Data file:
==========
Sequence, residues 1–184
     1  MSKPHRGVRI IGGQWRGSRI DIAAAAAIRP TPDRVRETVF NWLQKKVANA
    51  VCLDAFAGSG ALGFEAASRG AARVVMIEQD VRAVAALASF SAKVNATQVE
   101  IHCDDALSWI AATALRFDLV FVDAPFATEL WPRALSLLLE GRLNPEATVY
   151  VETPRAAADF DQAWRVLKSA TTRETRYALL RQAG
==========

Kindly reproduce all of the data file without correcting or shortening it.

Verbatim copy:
Sequence, residues 1–184
     1  MSKPHRGVRI IGGQWRGSRI DIAAAAAIRP TPDRVRETVF NWLQKKVANA
    51  VCLDAFAGSG ALGFEAASRG AARVVMIEQD VRAVAALASF SAKVNATQVE
   101  IHCDDALSWI AATALRFDLV FVDAPFATEL WPRALSLLLE GRLNPEATVY
   151  VETPRAAADF DQAWRVLKSA TTRETRYALL RQAG